Subject Source: Library of Congress Subject Headings
Found in 18 Collections and/or Records:
Overview This anonymous manuscript, entitled "War Unlawful to Christians," argues for pacifism, citing biblical and historical evidence that war is inherently evil, and as such, is a product of the devil.
Abstract Iwao Frederick Ayusawa (1894-1972) spent much of his life working with the International Labor Organization, and later served as a faculty member of the International Christian University in Japan. The collection consists primarily of personal letters, speaking of his belief in pacifism and his work in Geneva and Japan.
Abstract Harold J. Chance (1898-1975) worked for peace education through the American Friends Service Committee, the Peace Caravans, the Youth Section of the Emergency Peace Campaign, the Institute of International Relations, and the Friends Peace Service from 1934-1964. Included in the Harold Chance papers are correspondence, journals, writings, mailings, reports, and materials on the Friends Peace Service. Also included are Harold Haines Brinton's (1884-1973) lectures and course notes on topics such...
Scope and Contents This collection includes one volume, which contains the Constitution of the Pennsylvania Auxiliary of the American Peace Society - the Christian Arbitration and Peace Society - along with signatories of the document. It also includes minutes, reports, articles, and related information. There are some loose papers with similar topics, as well as a handwritten "Historic Statement of the Christian Arbitration and Peace Society Membership work - 1886 - 1903."
Overview This collection consists primarily of the publications of conscientious objectors (COs) working at Civilian Public Service (CPS) camps in the United States during World War II, performing "work of national importance" in lieu of combat. Camps were established for various purposes, from firefighting in the rural West to caring for mental patients and the elderly. The publications cover areas across the United States, although are focused in the Northeast, Upper Midwest, and California. Two...
Scope and Content note This collection is comprised of five folders of materials related to Samuel Cooper's conscientious objection to WWII. The collection includes Cooper's correspondence with political leaders, court officials, organizations for religious objection, and his family members in the months leading to the war, during the period of his arrest and imprisonment, and for the remainder of the war.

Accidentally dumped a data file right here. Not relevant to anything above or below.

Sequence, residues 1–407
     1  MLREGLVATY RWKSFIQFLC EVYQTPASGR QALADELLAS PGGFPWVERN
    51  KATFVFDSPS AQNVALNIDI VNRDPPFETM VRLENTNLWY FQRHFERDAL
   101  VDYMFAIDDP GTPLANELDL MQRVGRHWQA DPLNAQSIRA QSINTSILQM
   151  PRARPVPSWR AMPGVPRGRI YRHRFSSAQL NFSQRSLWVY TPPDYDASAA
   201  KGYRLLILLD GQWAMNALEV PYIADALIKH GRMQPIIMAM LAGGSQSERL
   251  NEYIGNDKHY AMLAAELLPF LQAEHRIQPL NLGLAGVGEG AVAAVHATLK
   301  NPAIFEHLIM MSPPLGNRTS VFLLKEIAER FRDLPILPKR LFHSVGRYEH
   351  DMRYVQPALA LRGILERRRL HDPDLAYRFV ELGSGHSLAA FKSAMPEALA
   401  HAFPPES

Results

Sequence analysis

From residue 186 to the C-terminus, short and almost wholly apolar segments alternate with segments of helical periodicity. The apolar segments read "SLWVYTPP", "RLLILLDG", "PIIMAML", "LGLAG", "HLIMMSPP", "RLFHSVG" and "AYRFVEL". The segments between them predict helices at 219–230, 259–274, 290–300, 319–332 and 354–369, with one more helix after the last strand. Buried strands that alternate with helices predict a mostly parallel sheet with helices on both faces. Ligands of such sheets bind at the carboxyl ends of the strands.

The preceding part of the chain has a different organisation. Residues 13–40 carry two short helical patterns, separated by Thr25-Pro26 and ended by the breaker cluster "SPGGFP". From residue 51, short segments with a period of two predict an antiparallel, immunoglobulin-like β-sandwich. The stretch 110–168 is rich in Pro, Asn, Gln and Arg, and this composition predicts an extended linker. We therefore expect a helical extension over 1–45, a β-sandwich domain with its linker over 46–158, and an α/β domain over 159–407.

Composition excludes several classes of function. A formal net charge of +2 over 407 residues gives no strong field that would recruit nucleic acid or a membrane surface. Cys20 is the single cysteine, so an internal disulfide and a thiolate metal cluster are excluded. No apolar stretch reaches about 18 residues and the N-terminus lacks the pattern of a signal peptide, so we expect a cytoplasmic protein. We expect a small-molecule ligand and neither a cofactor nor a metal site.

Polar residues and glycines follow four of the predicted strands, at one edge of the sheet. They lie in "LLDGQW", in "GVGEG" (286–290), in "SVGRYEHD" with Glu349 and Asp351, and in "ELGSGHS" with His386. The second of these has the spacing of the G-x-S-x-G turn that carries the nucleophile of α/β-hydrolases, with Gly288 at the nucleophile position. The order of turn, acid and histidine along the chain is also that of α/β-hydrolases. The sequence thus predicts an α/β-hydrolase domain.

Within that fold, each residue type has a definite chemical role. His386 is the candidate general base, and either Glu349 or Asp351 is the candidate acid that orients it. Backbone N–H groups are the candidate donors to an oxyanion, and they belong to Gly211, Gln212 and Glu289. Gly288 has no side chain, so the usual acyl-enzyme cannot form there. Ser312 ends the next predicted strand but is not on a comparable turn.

Overview The manuscript of Elaine Crauderueff's thesis for a Master of Arts in religious studies provides an overview of religious background of Quaker pacifism, including Quaker relationships with government authorities and the Peace Testimony of 1660. It also describes Quakers in the legislature, consequences of Quaker pacifism, and war taxes from 1750 to 1800, particularly those in Pennsylvania and in the colonies during the Revolutionary War period.
Overview Correspondence between Henry Drinker and Elizabeth, his wife, relates to his arrest, imprisonment, and resulting forced exile to Winchester, Virginia during the American Revolution. His letters discuss his physical and spiritual well-being, concern for his children, news of other exiled Friends, and efforts to present their case before Pennsylvanian and Virginian authorities. Elizabeth Drinker's letters to her husband relate family and neighborhood news, Friends' visits, efforts on behalf of...
Scope and Contents The collection consists of Leon Kanegis’ writings on various civil rights, religious and political topics, as well as copies of his letters, including to his family, to political and judicial figures. As well, there are Kanegis’ teaching and committee membership files, spiritual diaries and philosophical deliberations, including into his own health issues, and cassette tapes on teaching in the First Day School. There are also annotated books on faiths explored by Kanegis and letters from the...